Phelim concluded these comments with the astounding assertion that, in twenty years, “I have not come across a same-sex relationship in which both partners are faithful”.

He later accused me of misrepresenting him, by quoting this comment without his remarks about different definitions of “faithfulness”. I missed them out largely due to reasons of space in my news article. However, it seems to me that quoting his sweeping generalisations would have made him seem more prejudiced, not less.

It is true that same-sex couples are more likely than mixed-sex couples to have open relationships, or other forms of non-conventional relationship arrangements. But I know several mixed-sex couples who are happy with honest non-monogamy, as well as gay and lesbian people who would not be.

I am sure that many of the people who support this conference’s approach sincerely believe that their attitude is godly, compassionate, and supportive of people with “SSA”. But the generalisations that flowed so readily at the press conference suggest that that this new movement is built around a strong strand of familiar, old-fashioned prejudice.

This week, the latest social attitudes survey revealed that in the UK, fewer people regard same-sex relationships as wrong than at any time since the survey began. More and more people are realising that the gender of the person you fancy has about as much relevance to sexual ethics as the colour of his/her hair.

Fear of change is both common and understandable, so it is no surprise that there are those who feel the need to resist this development. As is often the case with reactionary movements, they have developed an approach that uses the language of freedom and choice to promote something deeply conservative. The pseudo-science of “SSA therapy” is reminiscent of the approach of creationists and climate change deniers, owing as it does much more to fear than to reality.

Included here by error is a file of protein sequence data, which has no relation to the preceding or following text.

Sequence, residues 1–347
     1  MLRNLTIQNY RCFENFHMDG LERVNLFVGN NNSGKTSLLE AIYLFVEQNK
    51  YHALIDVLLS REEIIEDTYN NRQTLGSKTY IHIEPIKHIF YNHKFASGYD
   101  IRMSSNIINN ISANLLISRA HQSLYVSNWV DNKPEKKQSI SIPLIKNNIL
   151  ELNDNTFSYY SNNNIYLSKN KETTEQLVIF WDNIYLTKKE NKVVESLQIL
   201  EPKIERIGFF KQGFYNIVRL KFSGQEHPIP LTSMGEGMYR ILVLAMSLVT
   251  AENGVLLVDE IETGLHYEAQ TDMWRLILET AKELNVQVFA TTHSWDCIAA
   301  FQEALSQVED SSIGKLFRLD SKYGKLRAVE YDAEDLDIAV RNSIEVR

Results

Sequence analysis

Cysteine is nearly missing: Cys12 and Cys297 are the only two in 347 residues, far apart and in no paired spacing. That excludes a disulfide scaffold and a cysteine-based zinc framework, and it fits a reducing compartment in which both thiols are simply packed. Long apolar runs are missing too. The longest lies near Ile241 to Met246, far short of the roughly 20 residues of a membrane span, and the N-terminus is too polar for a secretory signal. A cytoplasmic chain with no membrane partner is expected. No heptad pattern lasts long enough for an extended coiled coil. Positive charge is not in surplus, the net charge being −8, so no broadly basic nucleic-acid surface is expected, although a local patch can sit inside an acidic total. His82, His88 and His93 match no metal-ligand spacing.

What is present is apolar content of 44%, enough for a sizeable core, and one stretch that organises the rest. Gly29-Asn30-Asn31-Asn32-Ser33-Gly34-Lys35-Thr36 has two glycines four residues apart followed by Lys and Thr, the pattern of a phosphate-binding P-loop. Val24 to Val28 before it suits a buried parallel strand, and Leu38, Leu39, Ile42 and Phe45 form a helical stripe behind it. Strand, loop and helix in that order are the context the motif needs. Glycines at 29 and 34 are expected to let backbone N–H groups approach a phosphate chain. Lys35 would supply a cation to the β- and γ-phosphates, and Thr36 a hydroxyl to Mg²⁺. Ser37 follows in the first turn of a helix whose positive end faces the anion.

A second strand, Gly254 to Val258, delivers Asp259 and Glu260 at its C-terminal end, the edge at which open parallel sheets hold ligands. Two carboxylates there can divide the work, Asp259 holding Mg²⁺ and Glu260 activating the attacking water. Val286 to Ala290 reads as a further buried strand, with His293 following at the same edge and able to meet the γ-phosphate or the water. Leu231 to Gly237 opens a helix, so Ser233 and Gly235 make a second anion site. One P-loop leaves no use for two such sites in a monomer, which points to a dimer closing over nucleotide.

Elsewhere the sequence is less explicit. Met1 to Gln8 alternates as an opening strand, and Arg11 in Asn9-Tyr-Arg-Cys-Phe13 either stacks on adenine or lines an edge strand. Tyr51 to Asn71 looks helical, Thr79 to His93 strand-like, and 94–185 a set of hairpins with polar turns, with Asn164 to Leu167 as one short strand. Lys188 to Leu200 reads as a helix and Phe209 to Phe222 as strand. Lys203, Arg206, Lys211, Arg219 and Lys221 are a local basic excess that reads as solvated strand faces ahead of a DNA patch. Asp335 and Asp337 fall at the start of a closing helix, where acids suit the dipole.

Phelim McIntyre says that people who take my view on sexuality should be “afraid” of the “ex-gay movement” (as he calls it). To some extent, I think he’s right. A good many inclusive Christians, and those outside Christianity, are largely unaware of this bizarre movement attempting to give a psychological underpinning to right-wing theology. It could gain influence in parts of the churches faster than we expect. We should not be unwise about its potential to attract Christians who are frightened and confused by society’s changing ethical standards.

Nonetheless, this is a movement that stands no chance of success in the long term. The leaders of this movement may well be sincere, they may well aim for compassion, but their support depends on other people’s fears. “SSA therapy” involves shoddy psychology, flimsy theology and inaccurate readings of history. It is sustained by the shifting sands of fear and prejudice. And a house that’s built on sand is sure to fall.